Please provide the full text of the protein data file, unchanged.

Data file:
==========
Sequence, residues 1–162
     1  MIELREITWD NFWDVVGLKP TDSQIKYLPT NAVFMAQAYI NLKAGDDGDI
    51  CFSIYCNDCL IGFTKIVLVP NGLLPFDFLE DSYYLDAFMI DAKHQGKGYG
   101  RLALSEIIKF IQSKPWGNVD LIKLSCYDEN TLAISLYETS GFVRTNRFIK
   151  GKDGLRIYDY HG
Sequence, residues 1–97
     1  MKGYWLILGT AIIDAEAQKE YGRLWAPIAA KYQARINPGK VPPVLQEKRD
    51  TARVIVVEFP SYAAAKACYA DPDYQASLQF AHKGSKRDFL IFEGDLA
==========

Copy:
Sequence, residues 1–162
     1  MIELREITWD NFWDVVGLKP TDSQIKYLPT NAVFMAQAYI NLKAGDDGDI
    51  CFSIYCNDCL IGFTKIVLVP NGLLPFDFLE DSYYLDAFMI DAKHQGKGYG
   101  RLALSEIIKF IQSKPWGNVD LIKLSCYDEN TLAISLYETS GFVRTNRFIK
   151  GKDGLRIYDY HG
Sequence, residues 1–97
     1  MKGYWLILGT AIIDAEAQKE YGRLWAPIAA KYQARINPGK VPPVLQEKRD
    51  TARVIVVEFP SYAAAKACYA DPDYQASLQF AHKGSKRDFL IFEGDLA